With the key goal of transferring a house to the kids to risk losing its value to long term care costs, a typical method is to transfer the home, but reserve a life estate.
For example, a house built or bought in 1952 for $10,000 and now worth, say $250,000, the appreciation of $240,000 will avoid being treated as a capital gain on sale if the home was includable in the person’s gross estate for federal estate purposes. There is no gain because IRC Section 1014 permits a “step-up” in basis at date of death.
The common method to transfer the home is to reserve a life estate: give the home to the kid but reserve the right for the parents to live there for life. IRC Section 2036 allows that “the gross estate shall include the value of all property…of which the decedent has at any time made a transfer…under which he has retained for his life…the possession or enjoyment, or the right to the income from, the property.” That is, if the parents (in the above example) deed the home to the kids and reserve the life estate, the full FMV is includable in the parents’ gross federal taxable estate and the kids receive the desired step-up in basis.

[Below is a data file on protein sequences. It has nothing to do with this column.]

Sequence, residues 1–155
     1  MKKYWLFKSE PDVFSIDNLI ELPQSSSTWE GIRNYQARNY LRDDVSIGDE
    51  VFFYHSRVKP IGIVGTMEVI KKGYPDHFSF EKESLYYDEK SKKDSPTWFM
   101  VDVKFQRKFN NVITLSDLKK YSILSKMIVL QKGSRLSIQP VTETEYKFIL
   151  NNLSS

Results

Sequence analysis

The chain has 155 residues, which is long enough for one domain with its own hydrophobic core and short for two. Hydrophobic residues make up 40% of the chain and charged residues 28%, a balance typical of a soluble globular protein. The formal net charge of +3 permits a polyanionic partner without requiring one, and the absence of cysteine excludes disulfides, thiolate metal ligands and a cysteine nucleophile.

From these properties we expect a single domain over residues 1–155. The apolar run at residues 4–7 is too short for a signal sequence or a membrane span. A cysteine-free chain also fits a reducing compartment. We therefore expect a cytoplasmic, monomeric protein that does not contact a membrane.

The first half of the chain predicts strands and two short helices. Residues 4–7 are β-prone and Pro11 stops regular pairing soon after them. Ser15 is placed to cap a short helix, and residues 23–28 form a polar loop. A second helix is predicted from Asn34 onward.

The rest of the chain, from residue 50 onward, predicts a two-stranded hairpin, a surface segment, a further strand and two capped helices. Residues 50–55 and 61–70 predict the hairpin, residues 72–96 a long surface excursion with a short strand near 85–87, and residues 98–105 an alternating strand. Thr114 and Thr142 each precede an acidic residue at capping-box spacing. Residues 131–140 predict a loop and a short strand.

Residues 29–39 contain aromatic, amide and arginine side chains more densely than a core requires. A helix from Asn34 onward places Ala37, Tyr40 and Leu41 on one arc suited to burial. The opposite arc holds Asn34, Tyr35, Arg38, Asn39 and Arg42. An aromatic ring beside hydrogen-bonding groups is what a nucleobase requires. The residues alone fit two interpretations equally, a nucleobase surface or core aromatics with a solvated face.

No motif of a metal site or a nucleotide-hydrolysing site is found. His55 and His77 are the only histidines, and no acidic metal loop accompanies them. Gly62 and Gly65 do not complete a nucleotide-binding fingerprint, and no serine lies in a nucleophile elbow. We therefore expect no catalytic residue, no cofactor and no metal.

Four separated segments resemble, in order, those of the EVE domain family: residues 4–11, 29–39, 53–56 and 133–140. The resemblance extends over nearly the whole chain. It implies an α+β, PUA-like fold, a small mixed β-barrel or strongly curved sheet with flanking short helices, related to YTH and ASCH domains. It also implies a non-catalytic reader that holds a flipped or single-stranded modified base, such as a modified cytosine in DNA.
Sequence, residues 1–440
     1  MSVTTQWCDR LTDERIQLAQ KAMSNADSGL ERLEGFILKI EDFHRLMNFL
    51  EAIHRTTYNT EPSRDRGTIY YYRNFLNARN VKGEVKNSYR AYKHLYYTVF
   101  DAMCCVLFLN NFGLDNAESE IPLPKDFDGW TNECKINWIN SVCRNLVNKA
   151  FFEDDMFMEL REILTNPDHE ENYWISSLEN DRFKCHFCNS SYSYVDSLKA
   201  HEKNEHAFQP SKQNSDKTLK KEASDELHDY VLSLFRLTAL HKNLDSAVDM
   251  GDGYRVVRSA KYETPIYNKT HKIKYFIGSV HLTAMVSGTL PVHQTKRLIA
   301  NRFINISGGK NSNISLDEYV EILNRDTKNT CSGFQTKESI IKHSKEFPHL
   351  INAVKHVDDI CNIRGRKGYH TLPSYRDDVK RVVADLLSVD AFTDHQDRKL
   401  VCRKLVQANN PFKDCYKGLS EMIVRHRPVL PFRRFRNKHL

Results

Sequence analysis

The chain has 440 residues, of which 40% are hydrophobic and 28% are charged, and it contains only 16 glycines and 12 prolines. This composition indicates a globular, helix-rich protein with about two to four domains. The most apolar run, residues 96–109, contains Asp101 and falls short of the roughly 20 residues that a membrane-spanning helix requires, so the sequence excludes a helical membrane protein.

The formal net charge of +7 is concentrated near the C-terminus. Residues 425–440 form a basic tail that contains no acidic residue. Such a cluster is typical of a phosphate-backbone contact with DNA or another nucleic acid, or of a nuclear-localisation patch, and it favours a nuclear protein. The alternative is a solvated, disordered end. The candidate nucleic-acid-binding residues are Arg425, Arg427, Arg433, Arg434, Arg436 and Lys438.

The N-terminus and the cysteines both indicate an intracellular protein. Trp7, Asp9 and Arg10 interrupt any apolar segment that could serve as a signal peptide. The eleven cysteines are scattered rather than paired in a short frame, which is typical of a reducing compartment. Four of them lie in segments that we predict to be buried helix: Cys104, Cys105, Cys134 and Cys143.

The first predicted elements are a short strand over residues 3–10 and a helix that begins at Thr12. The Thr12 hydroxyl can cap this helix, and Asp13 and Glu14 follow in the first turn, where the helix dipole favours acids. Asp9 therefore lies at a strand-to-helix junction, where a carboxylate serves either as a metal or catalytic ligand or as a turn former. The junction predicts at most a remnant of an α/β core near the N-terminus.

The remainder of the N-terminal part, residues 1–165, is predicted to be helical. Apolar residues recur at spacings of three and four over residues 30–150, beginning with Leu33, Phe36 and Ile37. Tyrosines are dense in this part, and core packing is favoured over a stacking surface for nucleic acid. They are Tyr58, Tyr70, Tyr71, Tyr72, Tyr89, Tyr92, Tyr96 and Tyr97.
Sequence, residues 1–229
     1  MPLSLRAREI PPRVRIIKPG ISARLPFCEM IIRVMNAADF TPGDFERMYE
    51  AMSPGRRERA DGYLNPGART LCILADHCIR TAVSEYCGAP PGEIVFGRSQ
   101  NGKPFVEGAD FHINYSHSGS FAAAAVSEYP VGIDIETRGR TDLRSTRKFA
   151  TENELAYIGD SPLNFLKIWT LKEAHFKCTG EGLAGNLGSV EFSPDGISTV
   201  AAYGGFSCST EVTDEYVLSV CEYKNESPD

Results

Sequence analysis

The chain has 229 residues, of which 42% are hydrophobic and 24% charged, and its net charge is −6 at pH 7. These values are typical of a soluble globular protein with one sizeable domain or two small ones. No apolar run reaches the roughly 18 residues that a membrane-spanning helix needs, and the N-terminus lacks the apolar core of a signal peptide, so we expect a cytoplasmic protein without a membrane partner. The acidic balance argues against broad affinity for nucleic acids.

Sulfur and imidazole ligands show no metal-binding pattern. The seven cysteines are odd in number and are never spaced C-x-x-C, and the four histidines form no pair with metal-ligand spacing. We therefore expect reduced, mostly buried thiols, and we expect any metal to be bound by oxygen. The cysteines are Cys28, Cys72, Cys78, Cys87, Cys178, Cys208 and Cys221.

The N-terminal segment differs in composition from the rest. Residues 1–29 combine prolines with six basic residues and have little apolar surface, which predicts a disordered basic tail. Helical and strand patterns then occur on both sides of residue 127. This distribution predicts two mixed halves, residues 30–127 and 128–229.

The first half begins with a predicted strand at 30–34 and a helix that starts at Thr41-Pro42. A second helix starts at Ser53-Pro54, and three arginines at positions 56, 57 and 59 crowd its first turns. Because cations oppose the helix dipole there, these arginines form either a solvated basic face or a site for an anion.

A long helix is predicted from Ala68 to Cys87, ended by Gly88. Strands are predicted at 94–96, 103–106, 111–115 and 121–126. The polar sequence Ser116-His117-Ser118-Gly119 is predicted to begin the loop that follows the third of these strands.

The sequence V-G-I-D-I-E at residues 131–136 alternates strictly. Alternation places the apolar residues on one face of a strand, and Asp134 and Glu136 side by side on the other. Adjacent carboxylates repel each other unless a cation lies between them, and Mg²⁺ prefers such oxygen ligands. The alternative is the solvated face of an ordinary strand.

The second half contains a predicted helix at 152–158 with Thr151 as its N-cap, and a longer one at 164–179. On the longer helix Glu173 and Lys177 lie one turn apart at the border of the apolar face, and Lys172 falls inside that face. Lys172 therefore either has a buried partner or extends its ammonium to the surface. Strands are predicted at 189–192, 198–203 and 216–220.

But what happens if the parents transfer the house but do not reserve the life estate. The black-and-white text of IRC Section 2036 appears to save the day. Here’s why:
Estate of Linderme V. Comm’r, 52 TC 305, a 1969 tax court case found that a right can be retained even though it was not specifically reserved. In the case of a house, if the parents continued occupancy, perhaps continued to pay the real estate tax and expenses, all without paying fair rent to the new owners (the kids), then the parents appear to have retained the life estate even though they did not specifically reserve that particular legal right.
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